“By the time the Convention became law we had newer, younger officials in place across the continent who had no idea about the history and importance and as a result there was little or no implementation. This was part of the motivation for the book that Professor Patrick Vrancken from Mandela University and I edited. We needed the current generation to understand the relevance of the Convention to African ocean issues and to implement policy and action based on this.”

The “book” is a seminal 800-page work published in 2017 titled The Law of the Sea – The African Union and its Member States, which Tsamenyi co-edited with Professor Patrick Vrancken of the South African Research Chair in the Law of the Sea and Development in Africa at Nelson Mandela University.

It is the first work to systematically collate the legal aspects of ocean governance in African countries. The book is therefore an indispensable reference for all the role players in the African maritime domain, including governments, business, civil society, lawyers, scientists and students. Before this book they had to rely to a much greater extent on what was written outside of Africa, which was often unreliable, biased and incomplete. This book, by contrast, is produced on the continent and focuses exclusively on the continent.

An excerpt from the preface reads as follows:

The vast, diverse and rich expanses of the African maritime domain need to become as much part of the African world-view as the continent’s savannahs, mountains and cities. Africans must not only explore and exploit, but also protect their marine resources and their environment themselves. African ocean governance has to be based on cooperation, transformative justice, transparency, accountability and the rule of law.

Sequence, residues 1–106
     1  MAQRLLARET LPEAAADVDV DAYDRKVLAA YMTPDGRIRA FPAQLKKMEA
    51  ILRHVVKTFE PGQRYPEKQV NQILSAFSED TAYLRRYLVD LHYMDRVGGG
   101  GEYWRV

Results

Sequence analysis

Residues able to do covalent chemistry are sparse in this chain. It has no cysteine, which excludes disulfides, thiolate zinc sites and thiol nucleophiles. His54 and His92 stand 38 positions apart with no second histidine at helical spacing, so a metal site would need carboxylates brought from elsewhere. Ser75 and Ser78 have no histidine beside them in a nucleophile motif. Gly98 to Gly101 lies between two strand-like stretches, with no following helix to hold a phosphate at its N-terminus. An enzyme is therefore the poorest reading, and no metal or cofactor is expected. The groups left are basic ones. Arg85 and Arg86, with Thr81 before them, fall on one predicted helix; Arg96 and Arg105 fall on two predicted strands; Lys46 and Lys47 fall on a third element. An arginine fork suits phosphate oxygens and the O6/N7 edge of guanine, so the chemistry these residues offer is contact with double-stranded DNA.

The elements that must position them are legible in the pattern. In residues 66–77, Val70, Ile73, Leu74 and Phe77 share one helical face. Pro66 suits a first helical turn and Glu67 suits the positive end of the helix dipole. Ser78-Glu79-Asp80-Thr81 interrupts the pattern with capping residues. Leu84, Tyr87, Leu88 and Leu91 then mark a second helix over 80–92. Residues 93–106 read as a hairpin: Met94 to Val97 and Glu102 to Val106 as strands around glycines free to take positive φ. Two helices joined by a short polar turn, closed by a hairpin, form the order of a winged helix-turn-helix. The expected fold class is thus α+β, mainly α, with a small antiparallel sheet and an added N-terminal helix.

“The question was how do we implement this and we drew on aspects of the Convention and the associated policy issues and areas where African countries need to legislate,” Tsamenyi continues. “How, for example, do you derive benefit from- and sustainably manage the Exclusive Economic Zone (EEZ) of 200 nautical miles from every country’s coastline. How do benefit from your own fish and marine resources? What happened in the past is that most of the largescale fishing in African oceans was done by Europeans and Asians. They would come and take all the fish from African waters back to their home countries, put them in cans and ship them back to Africa where they sold them as tinned fish, with reduced nutritional value of fresh fish and up to three times the price.

“It’s the same story with shipping – most trade in Africa is dependent on shipping, but all the shipping lines are foreign owned, they are not African, they are not ours. It means we haven’t developed the necessary policy and national framework for this and the fundamental issue comes back to leadership for the stewardship and management of our oceans.”